He shares my queasiness about the absence of structural reform--and is probably less comforted by some of the steps I see as improvements. He also has some concrete ideas about what structural reform should look like, beyond doing something about bigness. This proposal in particular is a very good idea:
In a recent speech in China, the former Federal Reserve chairman — and current Obama adviser — Paul Volcker called on the government to limit the functions of any financial institution, like the big banks, that will always be reliant on the taxpayer should they get into trouble. Why, for instance, should they be allowed to trade for their own account — reaping huge profits and bonuses if they succeed — if the government has to bail them out if they make big mistakes, Mr. Volcker asked.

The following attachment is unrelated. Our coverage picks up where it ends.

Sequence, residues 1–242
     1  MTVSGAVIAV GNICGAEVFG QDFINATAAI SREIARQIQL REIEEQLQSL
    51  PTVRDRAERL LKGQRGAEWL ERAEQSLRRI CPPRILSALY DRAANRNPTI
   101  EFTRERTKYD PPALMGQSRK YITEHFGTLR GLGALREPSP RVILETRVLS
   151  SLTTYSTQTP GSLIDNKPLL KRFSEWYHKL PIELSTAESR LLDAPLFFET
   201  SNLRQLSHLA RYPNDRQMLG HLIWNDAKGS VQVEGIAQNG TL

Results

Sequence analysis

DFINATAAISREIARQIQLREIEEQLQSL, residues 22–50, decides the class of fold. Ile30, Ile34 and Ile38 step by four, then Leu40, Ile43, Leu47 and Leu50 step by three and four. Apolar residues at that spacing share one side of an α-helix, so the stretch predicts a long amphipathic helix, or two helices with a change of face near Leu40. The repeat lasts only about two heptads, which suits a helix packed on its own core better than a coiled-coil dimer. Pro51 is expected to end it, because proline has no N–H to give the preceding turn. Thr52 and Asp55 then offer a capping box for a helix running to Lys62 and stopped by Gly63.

I've been writing this week about how the financial reform package reflects (or doesn't) Obama's governing style. You see in yesterday's New York Times, for example, how the administration worked hard to solicit a wide range of opinion, even provoking disagreement among different camps. This is generally a desirable approach. But the question in this case is whether it's possible to really fix the financial system with big financial institutions at the table, even if, to paraphrase Obama, they don't own all the seats. As Nocera points out, to succeed here you may just have to truly piss Wall Street off, and the initial proposal doesn't quite go there.